Omega-6 and Omega-3 are polyunsaturated fatty acids (PUFAs), that play an important role in the development and activity of the brain.
On a cellular level, these are involved in the maturation and functioning of the neurons, fluidity of the plasma membrane, and gene expression, and are critical elements for cell communication and learning processes.
The modern diet is very much overloaded with Omega-6 and very depleted in Omega-3 which creates an undesirable imbalance of PUFAs. The intake of Omega-6 has primarily increased due to the consumption of Omega-6 rich seed oils, such as soybean, corn and safflower oil. High intake levels of Omega-6 fatty acids have resulted in inhibiting the effectiveness of the Omega-3s and may also contribute to the reduction of Omega-3 DHA in the brain.
The brain has a unique fatty acid composition with high levels of Omega-3 DHA, but low levels of other Omega-3s, especially EPA. Brain EPA levels are typically 250–300 times lower than DHA, therefore, DHA is quantitatively and undisputedly, the most important Omega-3 fatty acid in the brain.
In recent years, many studies have focused on the potential role of Omega-3, notably DHA in children’s learning, behavioural and neurodevelopmental disorders.
Studies found that consumption of Omega-3, particularly DHA, by school-aged children may enhance cognitive performance, especially in those who habitually consume diets low in Omega-3. The improvements concern cognitive outcomes, such as memory, processing speed, visual-perceptual ability, attention, reading, and spelling skills.
Some studies suggested that abnormalities of fatty acid metabolism may contribute to different neurodevelopmental disorders, including Attention Deficit Hyper-Activity Disorder (ADHD), Autistic Spectrum Disorder (ASD) and Developmental Dyslexia (DD).
Attention Deficit Hyperactivity Disorder (ADHD)
According to healthdirect, an Australian government website, around 1 in every 20 Australians has Attention Deficit Hyper-Activity Disorder (ADHD). It is more common in boys and affects the brain’s executive functioning — the ability to self-regulate and control thoughts, words, actions and emotions. In the United States, ADHD affects anywhere between 4 and 15% of school-aged children. ADHD frequently continues throughout adulthood.
ADHD children and adults have been found to have lower levels of Omega-3s in cellular membranes which correlate with behavioural and learning problems such as conduct, hyperactivity-impulsivity, anxiety, temper-tantrums, and sleep difficulties.
A randomized controlled trial showed that supplementing children (aged 7–9 years) who were underperforming in reading with 600 mg of DHA (from algal oil) improved parent-rated ADHD-type behaviour.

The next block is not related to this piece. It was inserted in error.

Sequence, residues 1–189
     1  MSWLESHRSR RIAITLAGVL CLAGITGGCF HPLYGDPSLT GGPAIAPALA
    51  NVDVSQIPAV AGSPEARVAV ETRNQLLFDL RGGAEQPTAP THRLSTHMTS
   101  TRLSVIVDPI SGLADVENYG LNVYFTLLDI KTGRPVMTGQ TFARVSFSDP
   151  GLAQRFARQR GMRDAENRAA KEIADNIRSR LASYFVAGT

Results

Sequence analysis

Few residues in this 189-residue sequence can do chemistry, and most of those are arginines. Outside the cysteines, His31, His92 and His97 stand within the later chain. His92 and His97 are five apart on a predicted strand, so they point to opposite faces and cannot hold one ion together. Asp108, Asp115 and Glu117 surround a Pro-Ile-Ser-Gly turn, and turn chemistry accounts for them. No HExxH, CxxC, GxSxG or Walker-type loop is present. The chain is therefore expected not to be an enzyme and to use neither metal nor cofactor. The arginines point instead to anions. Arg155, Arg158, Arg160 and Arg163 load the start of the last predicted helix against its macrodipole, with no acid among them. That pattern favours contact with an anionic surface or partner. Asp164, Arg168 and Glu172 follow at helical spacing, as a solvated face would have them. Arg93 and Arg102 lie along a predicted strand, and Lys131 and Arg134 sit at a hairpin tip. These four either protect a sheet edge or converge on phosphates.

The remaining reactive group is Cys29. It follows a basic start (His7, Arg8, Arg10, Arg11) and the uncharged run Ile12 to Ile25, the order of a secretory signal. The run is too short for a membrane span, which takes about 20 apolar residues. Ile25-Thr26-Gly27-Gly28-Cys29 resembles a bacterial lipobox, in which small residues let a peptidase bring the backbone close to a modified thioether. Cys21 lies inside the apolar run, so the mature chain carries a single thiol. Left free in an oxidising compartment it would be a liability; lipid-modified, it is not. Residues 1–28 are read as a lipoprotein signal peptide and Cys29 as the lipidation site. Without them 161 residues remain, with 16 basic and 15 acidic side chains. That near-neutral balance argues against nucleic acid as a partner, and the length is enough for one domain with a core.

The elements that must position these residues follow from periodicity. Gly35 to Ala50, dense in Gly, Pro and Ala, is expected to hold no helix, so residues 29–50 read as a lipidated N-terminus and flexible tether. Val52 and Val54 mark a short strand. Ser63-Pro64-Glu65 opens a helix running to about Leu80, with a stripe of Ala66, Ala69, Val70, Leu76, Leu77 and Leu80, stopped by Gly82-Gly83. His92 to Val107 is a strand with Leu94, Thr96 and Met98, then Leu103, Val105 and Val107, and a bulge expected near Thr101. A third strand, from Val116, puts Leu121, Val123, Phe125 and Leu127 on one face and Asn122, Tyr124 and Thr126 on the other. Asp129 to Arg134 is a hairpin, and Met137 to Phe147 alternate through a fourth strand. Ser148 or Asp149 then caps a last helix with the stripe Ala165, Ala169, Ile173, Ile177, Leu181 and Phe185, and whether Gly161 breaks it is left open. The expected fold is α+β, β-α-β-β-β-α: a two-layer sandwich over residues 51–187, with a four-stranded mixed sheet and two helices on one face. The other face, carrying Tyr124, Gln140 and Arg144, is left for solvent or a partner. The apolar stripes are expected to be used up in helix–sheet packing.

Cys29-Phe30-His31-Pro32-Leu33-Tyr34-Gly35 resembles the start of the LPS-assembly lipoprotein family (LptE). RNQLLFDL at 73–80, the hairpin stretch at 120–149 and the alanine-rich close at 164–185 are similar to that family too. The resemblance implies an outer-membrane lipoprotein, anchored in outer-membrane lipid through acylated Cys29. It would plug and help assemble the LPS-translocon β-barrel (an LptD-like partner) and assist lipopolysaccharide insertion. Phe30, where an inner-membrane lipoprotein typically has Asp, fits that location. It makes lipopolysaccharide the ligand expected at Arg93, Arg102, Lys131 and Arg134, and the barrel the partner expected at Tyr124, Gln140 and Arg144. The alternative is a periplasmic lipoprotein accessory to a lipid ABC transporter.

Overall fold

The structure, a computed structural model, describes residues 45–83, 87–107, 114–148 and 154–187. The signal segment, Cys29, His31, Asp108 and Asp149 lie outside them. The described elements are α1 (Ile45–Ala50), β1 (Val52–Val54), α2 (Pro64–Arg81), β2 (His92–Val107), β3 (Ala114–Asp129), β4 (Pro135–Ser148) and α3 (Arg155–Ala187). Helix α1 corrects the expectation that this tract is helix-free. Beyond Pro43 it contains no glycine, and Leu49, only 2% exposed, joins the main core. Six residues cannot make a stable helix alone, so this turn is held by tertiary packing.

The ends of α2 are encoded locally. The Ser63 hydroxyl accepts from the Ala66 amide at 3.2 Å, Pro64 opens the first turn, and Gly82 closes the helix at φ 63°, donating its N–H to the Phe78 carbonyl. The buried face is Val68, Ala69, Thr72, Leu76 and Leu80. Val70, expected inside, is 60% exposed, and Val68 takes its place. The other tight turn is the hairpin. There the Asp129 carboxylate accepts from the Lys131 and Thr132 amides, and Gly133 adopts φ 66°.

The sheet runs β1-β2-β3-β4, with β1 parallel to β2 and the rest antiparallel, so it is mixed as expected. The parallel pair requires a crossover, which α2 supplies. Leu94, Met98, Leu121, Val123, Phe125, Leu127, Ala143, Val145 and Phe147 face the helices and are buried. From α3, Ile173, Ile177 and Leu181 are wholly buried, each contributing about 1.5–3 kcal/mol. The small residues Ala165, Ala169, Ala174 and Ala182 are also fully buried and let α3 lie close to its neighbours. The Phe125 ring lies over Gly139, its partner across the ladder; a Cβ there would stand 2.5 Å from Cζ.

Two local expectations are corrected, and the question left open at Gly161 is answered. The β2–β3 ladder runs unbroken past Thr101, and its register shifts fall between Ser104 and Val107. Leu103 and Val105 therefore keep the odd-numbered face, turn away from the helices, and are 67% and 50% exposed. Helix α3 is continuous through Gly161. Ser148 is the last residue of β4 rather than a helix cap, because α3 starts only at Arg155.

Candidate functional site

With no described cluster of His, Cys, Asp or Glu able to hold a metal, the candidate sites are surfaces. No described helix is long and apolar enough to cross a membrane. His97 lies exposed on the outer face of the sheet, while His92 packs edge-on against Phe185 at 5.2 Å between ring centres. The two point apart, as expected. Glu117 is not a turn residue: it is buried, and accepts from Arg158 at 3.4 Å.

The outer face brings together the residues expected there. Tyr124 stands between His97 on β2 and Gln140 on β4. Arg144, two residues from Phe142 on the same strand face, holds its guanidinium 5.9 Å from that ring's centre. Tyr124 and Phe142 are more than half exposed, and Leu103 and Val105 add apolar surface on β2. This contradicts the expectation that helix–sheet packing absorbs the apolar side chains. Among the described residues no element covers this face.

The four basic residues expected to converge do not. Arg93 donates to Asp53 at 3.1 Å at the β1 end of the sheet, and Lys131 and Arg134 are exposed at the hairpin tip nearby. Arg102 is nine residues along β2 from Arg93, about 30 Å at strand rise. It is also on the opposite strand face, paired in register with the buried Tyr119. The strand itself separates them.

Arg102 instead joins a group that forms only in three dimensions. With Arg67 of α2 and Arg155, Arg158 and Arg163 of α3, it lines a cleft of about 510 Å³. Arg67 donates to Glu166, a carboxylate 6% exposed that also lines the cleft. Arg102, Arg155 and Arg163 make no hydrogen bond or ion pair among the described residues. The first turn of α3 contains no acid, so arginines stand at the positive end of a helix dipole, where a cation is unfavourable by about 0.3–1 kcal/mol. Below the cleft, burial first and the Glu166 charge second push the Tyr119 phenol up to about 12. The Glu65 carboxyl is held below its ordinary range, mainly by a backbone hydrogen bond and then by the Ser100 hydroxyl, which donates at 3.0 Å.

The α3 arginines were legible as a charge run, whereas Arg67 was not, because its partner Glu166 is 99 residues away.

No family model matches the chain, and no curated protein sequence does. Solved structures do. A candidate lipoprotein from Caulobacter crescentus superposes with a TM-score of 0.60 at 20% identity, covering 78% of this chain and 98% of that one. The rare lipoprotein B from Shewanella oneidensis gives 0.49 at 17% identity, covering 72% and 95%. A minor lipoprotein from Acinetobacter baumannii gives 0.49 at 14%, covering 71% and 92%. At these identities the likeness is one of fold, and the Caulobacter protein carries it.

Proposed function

Autistic Spectrum Disorder (ASD)
Children with autistic spectrum disorder (ASD) have been noted to have low DHA and total Omega-3 fatty acids plasma levels. One report found Omega-3 fatty acid deficiencies in virtually 100% of ASD cases. A double-blind randomized controlled trial in children aged 5–17 diagnosed with ASD found benefit on hyperactivity and persistent repetition when given 1.54 g/day of DHA/EPA. And, concluded in a review paper, “In double-blind, randomized, controlled trials, DHA and EPA combinations have been shown to benefit . . . autism, dyspraxia, dyslexia, and aggression…” Thus, supplementing with long-chain Omega-3s may help patients with ASD.
Developmental Dyslexia (DD)
Developmental Dyslexia is one of the most common learning disabilities. It is defined as a specific reading disorder despite normal intelligence and the absence of sensory or neurological deficiencies.
Several studies investigated the levels of blood fatty acids in children with DD, and it was found that children with the most severe fatty acid deficiencies had poorer reading, spelling and auditory working memory than children with milder PUFA deficiency.
Pervasive Development Disorder (PDD)
In a study of patients with Pervasive Developmental Disorders (PDD), it was found that 90% had deficient EPA/DHA levels in red blood cell membranes. It was also found that supplementation with Omega-3s PUFAs contributed positively, with noted improvements to patients with PPD.
The Importance of Omega 3 for Children
Overall, the value and importance of PUFAs, especially Omega-3 cannot be ignored or underestimated. The extensive studies that have been performed on the influence of the Omega-3 essential fatty acids have on the development and function of the brain indicate there are positive effects that can be gained through dietary supplementation. The improvements with cognitive performance include learning ability, memory, processing speed, visual-perceptual ability, attention, concentration, reading and spelling.
It has also been shown that the negative effects of early depletion in DHA intake on brain functions are difficult—but not impossible—to reverse.